Ouch. This is one of the toughest assignments you will face if you are the lead worker for children’s, youth or family ministry. 

You know, in your gut, you have to cut someone from the team - it’s a horrible job. Before we get in to it, a couple of reasons why you can’t dodge the issue.

  1. It potentially isn’t safe. Without being too specific about what it means to not be up to scratch. Having someone on the team who, for whatever reason, isn’t up to it might mean that the activity you are running, a small group they are responsible for or the general level of engagement and attention they bring, means when there are issues or challenges - this volunteer might not deal with them well or even notice them. That makes it an unsafe environment for the children or young people and you can’t leave it like that.
  2. It is a drag on the team. Everyone has their roles / responsibilities but, the team might collectively be needing to pick up the slack from a volunteer who isn’t doing well - this can lead to the team being overstretched, trying to be in spaces and watch out for children and young people who should this volunteer’s responsibility. If it is pretty bad, it can feel like having an extra child or young person rather than a fellow team member, and that’s not good for morale and team cohesion. The team shouldn’t be carrying someone who isn’t up to it.
  3. It’s not good for them. This is really important to remember - ultimately, it isn’t caring for someone to leave things as they are because you are worried about how they might feel. For whatever reason, they just aren’t cutting it and that needs to be addressed - but, in doing so, you may well uncover some things that will enable them to grow and flourish. For example, they might have been awesome a couple of years ago - but, over time, they have slipped to the point where they can’t continue. What has happened? What might be going on for them - to just “leave it” means the challenges they are facing (possibly elsewhere) remain unresolved or undiscovered until you hit a major crisis - and then it might be too late. What care and support might they need? Why aren’t they cutting it? Just what is going on? You need to ask these questions.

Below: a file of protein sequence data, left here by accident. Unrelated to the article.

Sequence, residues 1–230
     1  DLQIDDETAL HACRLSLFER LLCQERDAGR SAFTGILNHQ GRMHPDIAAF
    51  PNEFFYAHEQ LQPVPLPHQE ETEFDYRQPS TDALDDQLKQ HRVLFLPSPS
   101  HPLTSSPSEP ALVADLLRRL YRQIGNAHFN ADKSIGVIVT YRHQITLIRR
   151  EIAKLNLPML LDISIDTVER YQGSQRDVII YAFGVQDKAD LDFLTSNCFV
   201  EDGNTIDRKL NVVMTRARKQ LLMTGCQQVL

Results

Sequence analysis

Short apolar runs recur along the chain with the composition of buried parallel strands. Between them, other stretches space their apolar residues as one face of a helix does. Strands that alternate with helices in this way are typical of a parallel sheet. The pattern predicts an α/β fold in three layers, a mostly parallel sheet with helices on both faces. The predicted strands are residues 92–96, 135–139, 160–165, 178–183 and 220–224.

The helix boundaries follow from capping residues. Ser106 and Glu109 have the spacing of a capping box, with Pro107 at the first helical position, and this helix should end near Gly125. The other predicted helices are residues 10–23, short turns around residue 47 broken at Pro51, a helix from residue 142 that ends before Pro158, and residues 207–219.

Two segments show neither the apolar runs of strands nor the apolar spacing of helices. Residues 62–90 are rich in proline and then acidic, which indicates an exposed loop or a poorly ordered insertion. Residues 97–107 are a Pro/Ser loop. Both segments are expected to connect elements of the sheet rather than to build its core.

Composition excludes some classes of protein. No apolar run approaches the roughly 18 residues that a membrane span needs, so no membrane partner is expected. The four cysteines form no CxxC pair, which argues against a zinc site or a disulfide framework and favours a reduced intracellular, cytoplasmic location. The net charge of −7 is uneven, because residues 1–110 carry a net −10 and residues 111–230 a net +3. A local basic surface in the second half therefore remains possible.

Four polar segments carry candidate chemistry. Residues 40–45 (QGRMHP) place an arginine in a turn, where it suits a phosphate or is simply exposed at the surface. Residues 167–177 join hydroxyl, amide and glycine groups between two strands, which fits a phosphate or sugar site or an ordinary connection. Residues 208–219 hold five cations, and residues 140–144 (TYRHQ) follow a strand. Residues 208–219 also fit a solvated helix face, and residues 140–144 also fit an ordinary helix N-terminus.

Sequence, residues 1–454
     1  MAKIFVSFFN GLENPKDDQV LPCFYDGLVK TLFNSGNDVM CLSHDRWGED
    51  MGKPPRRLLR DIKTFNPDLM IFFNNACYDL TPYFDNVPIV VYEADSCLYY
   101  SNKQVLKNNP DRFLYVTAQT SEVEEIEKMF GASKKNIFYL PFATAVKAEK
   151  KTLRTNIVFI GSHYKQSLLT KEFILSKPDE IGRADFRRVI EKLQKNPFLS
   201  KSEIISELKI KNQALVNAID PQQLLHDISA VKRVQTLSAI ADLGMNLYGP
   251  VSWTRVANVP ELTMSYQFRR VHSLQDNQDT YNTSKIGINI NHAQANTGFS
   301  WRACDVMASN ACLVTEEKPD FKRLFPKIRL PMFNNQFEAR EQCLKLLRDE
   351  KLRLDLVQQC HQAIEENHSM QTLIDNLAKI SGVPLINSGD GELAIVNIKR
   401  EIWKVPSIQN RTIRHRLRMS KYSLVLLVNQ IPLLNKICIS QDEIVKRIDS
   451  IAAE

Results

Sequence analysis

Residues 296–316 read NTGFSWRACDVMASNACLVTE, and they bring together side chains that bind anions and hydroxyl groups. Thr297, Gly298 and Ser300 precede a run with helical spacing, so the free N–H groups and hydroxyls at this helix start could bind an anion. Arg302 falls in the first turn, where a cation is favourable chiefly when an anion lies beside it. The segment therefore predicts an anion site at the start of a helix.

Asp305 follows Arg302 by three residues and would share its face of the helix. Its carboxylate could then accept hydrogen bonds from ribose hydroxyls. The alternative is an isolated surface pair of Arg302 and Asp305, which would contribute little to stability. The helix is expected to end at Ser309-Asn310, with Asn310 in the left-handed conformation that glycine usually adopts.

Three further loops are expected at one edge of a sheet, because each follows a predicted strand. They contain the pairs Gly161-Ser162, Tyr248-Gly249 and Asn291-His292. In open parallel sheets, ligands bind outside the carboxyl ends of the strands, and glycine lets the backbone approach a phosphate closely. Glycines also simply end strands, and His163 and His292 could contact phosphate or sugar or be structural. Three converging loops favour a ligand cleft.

What you also need to do is a bit of self reflection - have you inadvertently created this situation? What I mean by that is - how do you recruit and equip your teams? If, for example, you have occasionally been a bit desperate for team (anyone will do, I just need a warm body in the room!) it might be that there hasn’t been the discernment you would normally apply or the thought applied to the gifting, skills and kind of team member you need. If this was someone recruited under the “anyone will do” model, then this should give you pause. It might be they don’t have a passion for children’s work or youth work, and actually they aren’t cutting it because their heart isn’t in it - they might even be desperate to lay it down, but you were desperate when you asked them so they continue to think they are helping you out. Having the conversation about their involvement might come as a great relief! “I’m so glad we are having this conversation, I didn’t know how to tell you I didn’t want to do it anymore!”

It might be that they are struggling with their role. They aren’t cutting it because they are expected to teach a small group, and that just isn’t their gifting. Relational hanging out on a Friday night youth evening might be more their bag. The cut needs to be about the fit!

Sometimes teams need a refresher to rediscover their ministry mojo. When was the last time you led any training? Could they do with some “up skilling”? Have they been involved in children’s and youth ministry that, whilst they have probably had enough, they don’t know how to finish. It’s been their life and they might know they aren’t cutting it anymore - this conversation in particular needs to be full of love and grace. What a servant they have been, seeing the children’s work through a season of four different salaried workers - but, they are tired and need to retire. Enable them to finish well, thank them for their work, arrange a gift.

Finally, cutting a volunteer is also an opportunity - when we are struggling with team it seems counterintuitive - but, it also opens up a space. This doesn’t necessarily need to filled in the same way, it enables a bit of creativity. Maybe you need to be more flexible moving forward? Maybe there is a sixth former who could get involved? Maybe that passionate, skilled up volunteer you have been praying for is waiting in the wings - they just thought you had a full team and they weren’t needed.

Hard though it can be to cut people from the team, it does enable growth - if they are supported well, the individual might discover their gifting lies elsewhere, they just needed the steer that came with stepping down; you will grow as a leader when you tackle these kind of issues face on and don’t dodge or put them off - and, ultimately, there is a growth impact for the Kingdom of God. Whether you see it or not, enabling people to serve in their gifting, being honest with team when things aren’t working out, showing integrity about how you want the team to function has a ripple effect beyond the decision to “have the talk”. 

So if you know you need to do it, or need to do it some day. Don’t leave it too long!